If you are investing a lot of money and would like to move beyond the three providers recommended by Moneywise readers, or are investing more money and would like to spread it around further then these companies are worth checking out.
AssetzCapital is one of the more complicated P2P providers, and investors are free to pick their lending opportunities if they want to. Unless you want to get really involved that won't be appropriate for first-time peer to peer lenders, so it's better to start with one of the "fund" style options.
Money is lent to small businesses, property developers and buy-to-let investors.
Most of the ready-made options are covered by a provision fund, though this will lower your overall returns.
If you do want to pick your own investments, loans are generally secured with repayment periods between three months and five years. The devil is in the detail here – some are repaid monthly, while others are interest-only until the loan matures, generally seen as riskier.
AssetzCapital anticipates default rates of 5.75%, which it says are typical for small businesses. Its credit assessment seems stringent as to date the actual losses from bad debts are much lower.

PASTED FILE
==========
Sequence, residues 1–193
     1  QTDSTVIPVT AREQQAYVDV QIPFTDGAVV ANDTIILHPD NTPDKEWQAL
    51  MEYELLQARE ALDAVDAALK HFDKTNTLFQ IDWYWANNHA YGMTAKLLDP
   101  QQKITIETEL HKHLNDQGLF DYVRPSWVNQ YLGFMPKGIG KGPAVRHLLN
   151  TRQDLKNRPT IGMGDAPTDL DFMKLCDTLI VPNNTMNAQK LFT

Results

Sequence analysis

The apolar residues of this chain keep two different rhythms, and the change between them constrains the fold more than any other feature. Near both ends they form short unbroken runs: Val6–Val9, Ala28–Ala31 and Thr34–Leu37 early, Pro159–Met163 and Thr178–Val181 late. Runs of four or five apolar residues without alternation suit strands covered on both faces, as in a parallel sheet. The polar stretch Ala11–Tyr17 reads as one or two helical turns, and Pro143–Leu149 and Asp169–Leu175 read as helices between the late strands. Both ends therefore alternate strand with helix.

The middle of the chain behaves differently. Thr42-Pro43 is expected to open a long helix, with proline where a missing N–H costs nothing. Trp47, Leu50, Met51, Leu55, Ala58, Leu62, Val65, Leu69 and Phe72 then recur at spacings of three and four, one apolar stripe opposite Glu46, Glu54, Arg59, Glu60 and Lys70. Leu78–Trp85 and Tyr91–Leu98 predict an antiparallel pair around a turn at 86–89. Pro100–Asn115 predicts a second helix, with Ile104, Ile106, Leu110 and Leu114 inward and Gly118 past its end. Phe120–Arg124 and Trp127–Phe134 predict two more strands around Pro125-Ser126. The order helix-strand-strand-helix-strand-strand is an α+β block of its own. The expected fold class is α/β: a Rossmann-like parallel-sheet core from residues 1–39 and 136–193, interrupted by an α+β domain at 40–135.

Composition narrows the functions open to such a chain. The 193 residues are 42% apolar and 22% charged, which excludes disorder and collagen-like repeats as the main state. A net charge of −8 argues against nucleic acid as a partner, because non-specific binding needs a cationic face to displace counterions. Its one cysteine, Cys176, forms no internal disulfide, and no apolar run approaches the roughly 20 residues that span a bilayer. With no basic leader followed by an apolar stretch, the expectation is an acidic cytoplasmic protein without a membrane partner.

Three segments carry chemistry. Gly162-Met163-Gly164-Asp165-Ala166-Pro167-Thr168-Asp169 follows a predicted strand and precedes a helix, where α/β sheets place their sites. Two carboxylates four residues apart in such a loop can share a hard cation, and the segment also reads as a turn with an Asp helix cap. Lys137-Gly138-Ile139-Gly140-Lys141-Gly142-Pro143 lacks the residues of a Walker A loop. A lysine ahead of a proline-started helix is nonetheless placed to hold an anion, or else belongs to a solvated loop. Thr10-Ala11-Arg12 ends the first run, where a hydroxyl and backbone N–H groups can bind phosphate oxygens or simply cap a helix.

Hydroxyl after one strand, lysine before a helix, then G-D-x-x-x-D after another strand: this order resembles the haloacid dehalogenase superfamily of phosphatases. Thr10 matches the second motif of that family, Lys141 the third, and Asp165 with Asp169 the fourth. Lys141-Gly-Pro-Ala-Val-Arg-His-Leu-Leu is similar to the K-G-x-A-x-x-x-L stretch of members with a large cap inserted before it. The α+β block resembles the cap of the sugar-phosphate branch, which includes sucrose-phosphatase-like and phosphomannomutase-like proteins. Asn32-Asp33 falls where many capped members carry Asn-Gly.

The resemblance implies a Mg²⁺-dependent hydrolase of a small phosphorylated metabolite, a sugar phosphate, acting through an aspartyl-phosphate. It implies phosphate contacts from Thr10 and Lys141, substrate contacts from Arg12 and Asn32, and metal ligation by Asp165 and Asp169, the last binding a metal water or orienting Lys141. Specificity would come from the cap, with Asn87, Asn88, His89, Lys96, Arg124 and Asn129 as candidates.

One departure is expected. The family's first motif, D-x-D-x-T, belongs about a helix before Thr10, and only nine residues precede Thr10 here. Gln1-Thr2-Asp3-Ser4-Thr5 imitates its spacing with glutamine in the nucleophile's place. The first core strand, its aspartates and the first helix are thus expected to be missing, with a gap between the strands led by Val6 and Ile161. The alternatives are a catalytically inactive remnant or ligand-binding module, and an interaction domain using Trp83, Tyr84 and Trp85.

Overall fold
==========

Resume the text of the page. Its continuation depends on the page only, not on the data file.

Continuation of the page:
AssetzCapital's investors have lost no money through the provision-covered funds to date, though they could in future. Its 30-day notice account will pay 4.25% a year, providing bad debts continue to be covered in full by the provision fund.
LendInvest solely lends for property purchases. The average loan size is £550,000, far more than a typical consumer loan. However, loans are always secured against properties, and the average loan to value is 57.3%, offering plenty of assurance to lenders.
LendInvest has a few more borrowers classed in arrears (at least 45 days behind on repayments) than Zopa or RateSetter, at 0.14%. With the interest rates it charges, borrowers have earned 7.22% on average, after fees and bad debts.
This platform offers a high level of transparency to investors, who can view the company’s entire loan book on a monthly basis.
FundingCircle.com is the UK’s largest P2P platform for business loans and it also provides property finance. Investors have the option to pick who they lend to directly or automate the process. Using the ‘Autobid’ process, loans are split between at least 100 companies.